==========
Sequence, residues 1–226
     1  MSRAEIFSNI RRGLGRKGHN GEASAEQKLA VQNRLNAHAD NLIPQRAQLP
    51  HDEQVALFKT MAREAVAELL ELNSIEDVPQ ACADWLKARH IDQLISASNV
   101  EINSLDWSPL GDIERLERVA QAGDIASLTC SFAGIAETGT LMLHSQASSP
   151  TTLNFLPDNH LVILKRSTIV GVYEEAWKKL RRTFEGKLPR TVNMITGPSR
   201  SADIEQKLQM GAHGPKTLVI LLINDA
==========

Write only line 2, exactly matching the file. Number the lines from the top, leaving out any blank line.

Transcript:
     1  MSRAEIFSNI RRGLGRKGHN GEASAEQKLA VQNRLNAHAD NLIPQRAQLP